The cost of war
Posted on November 14th, 2017

Editorial Courtesy The Island


Yahapalana leaders declared, in the run-up to the 2015 presidential election, that there was no threat of war. They accused the Rajapaksa government of tilting at windmills, years after the conclusion of the war, and suppressing people’s democratic rights in the name of national security. True, the successful end of the country’s war on terror in 2009 figured prominently in the UPFA’s presidential election campaign five years later, but it did not have the desired impact on the electorate.

Interestingly, the yahapalana leaders themselves are now raising the bogey of war to advance their political agenda. They keep saying that unless more power is devolved to the provinces through the proposed constitutional reforms as a solution to the ethnic problem the country will experience war again. Curiously, at the same time, they keep reducing military presence in the North, claiming that the recurrence of war is beyond the bounds of possibility!

Higher Education and Highways Minister Lakshman Kiriella reminded Parliament of the ravages of war on Monday. He said he had got the cost of war calculated by the parliament research unit. (It is heartening that at least one MP is making use of library and research facilities available in Parliament!) He said the war which had lasted for nearly three decades had cost the state and the LTTE USD 200 bn each. This works out to USD 6.66 bn per year where the cost borne by the state is concerned.

Supposing the figures, given by Minister Kiriella, are in the ballpark, the conclusion of the war has helped the country save about USD 57 bn during the last eight and a half years. The present government has been able to save about USD 20 bn since the 2015 regime change.

Besides being basically economic, dividends of peace are psychological, social, cultural and political. People can now travel in buses and trains and gather at public events without fearing for their safety. They and their elected representatives can exercise their political rights in all parts of the country. They don’t have to pay protection money to terrorists either here or abroad. Their children go to school without fear of being abducted on the way and turned into cannon fodder.

However, the economic dividends of peace haven’t reached the people. The yahapalana leader kept telling us, while they were in the Opposition, that the big guns of the previous government and their cronies were helping themselves to public funds and, therefore, the conclusion of the war had not benefited the people. If so, why is it that the people haven’t received the dividends of peace under the present dispensation as well? Are the yahapalana bigwigs emulating their predecessors?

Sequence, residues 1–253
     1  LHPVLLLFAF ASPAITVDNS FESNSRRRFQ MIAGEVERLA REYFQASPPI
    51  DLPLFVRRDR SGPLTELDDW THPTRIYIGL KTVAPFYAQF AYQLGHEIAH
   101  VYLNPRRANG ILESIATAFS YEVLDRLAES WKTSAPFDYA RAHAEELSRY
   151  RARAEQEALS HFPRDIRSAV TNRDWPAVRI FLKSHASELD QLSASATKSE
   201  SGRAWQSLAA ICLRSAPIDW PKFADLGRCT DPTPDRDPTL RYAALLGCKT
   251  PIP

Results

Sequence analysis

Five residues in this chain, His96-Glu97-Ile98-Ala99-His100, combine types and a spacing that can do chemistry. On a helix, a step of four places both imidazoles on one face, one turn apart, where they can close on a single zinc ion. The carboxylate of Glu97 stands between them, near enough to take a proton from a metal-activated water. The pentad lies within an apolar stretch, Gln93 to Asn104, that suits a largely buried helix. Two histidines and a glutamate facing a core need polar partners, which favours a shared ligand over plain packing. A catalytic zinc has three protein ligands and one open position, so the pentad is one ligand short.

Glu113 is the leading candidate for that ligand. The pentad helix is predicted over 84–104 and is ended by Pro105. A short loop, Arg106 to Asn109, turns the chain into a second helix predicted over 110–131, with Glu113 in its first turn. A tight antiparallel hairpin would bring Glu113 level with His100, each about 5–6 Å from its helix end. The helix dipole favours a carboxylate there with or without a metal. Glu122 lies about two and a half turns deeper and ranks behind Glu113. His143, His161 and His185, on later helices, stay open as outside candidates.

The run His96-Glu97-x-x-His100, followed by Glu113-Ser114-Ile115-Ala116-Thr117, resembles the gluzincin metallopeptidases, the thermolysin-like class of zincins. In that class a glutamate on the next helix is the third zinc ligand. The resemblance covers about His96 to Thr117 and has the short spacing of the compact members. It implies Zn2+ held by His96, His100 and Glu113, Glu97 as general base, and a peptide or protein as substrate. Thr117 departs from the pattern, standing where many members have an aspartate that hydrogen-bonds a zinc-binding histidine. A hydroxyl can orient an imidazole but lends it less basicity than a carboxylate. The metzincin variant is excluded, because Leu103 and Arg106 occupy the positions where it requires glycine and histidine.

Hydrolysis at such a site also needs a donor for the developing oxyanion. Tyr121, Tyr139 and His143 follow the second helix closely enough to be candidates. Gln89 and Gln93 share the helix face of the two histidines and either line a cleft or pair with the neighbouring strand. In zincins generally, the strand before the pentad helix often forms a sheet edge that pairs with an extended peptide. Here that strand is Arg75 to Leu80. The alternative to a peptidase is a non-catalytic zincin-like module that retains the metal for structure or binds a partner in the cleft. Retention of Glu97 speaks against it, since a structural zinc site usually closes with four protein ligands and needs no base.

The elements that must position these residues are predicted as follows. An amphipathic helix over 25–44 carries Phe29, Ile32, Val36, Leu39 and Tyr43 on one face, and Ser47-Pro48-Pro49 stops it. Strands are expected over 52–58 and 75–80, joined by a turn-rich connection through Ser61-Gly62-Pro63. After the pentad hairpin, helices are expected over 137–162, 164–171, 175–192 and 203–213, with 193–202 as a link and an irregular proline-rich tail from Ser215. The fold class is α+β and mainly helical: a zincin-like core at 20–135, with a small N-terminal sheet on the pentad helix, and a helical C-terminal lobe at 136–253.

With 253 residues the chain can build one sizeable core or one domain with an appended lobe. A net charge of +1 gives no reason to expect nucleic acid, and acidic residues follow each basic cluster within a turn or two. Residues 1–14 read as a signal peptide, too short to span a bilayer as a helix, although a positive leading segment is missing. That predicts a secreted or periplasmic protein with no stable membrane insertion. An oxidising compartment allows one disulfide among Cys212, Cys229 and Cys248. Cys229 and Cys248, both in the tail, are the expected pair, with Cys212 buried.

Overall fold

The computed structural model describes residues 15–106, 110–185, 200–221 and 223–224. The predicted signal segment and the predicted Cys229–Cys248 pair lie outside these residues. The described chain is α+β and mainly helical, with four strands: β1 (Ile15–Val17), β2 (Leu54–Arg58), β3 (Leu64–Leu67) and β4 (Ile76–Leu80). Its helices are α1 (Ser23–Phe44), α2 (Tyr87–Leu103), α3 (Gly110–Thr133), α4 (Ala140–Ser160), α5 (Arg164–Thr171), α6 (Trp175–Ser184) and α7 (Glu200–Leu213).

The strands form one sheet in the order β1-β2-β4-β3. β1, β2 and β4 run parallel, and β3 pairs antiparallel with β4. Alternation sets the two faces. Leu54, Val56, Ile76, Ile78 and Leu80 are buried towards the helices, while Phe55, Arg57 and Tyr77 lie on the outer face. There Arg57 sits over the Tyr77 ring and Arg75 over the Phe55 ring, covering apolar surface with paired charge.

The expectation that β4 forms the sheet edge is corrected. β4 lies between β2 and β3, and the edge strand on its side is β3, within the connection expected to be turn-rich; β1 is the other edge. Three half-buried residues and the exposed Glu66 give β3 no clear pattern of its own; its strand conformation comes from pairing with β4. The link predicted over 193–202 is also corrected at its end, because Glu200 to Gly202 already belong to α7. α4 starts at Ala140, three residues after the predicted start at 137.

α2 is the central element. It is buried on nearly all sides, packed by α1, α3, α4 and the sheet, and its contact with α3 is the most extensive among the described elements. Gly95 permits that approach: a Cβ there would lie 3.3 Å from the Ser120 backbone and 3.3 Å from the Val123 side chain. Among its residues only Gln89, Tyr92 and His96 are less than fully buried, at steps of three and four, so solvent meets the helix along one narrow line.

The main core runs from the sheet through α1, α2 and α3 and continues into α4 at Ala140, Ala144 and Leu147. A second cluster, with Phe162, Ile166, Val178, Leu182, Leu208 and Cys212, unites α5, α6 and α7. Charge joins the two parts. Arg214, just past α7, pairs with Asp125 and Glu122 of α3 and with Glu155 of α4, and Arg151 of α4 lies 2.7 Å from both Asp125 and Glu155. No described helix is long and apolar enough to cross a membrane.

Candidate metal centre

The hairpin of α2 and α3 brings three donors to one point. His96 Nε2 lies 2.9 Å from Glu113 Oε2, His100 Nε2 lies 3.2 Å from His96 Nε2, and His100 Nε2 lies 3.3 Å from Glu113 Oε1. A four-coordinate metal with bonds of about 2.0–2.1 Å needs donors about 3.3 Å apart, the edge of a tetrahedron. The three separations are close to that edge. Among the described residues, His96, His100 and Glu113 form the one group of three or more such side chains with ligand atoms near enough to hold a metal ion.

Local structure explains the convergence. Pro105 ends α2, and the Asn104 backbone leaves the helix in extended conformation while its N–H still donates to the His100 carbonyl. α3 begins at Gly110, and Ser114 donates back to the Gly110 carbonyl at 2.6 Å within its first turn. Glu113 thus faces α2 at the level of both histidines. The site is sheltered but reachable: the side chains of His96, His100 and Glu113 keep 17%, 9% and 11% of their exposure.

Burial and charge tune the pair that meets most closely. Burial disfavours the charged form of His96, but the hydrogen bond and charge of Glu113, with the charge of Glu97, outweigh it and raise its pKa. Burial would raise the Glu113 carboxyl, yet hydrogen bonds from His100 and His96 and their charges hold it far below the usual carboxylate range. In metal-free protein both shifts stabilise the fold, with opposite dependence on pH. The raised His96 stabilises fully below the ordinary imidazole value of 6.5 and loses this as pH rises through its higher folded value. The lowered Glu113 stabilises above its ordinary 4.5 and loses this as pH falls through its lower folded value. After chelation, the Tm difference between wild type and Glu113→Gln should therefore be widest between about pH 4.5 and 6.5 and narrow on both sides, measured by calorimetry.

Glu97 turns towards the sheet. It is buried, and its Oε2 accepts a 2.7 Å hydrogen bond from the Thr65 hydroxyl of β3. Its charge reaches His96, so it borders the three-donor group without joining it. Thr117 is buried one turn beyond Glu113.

Minister Kiriella rightly pointed out in Parliament that immediately after gaining Independence, the country had been able to spend its own funds on development projects and present surplus budgets, but today it had become heavily dependent on foreign loans. His lament has, no doubt, struck a responsive chord with the public. The reason for the country’s predicament is obvious. In days of yore, we were blessed with statesmen who put the country before self. They did not amass ill-gotten wealth at the expense of the public. The country prospered. We have been burdened with a bunch of corrupt, greedy politicians for the last few decades. No wonder progress eludes us!

Government politicians who came to power, promising to adopt austere measures and share people’s suffering, are now living off the fat of the land. They don’t seem to care a damn about the country’s ever worsening debt burden. More than Rs. 2 billion has so far been obtained by way of supplementary estimates for ministers’ super luxury vehicles. Last year as much as Rs. 600 million was spent on two cars for a government leader! Present-day politicians generously give themselves pay hikes and allowances while wasting colossal amounts of foreign exchange on foreign junkets.

Thankfully, the costly armed conflict is a thing of the past, but it looks as if the hapless people had to wage another war of sorts to liberate themselves from the clutches of greedy politicians on both sides of the so-called political divide.

One Response to “The cost of war”

  1. Dilrook Says:

    Completely nonsensical figures.

    Overall the war was economically beneficial for Sri Lanka. If absence of war saved $57 billion in the last 8 years, why did our foreign debt burden increase by an unprecedented $40 billion? We only borrowed $18 billion from 1977 to 2009 (over 32 years).

    I calculate the net benefit (total benefit minus total cost) of war to be $2.6 billion a year for Sri Lanka (2017 figures) and $1.3 billion for Sri Lankan Tamils (2017 figures).

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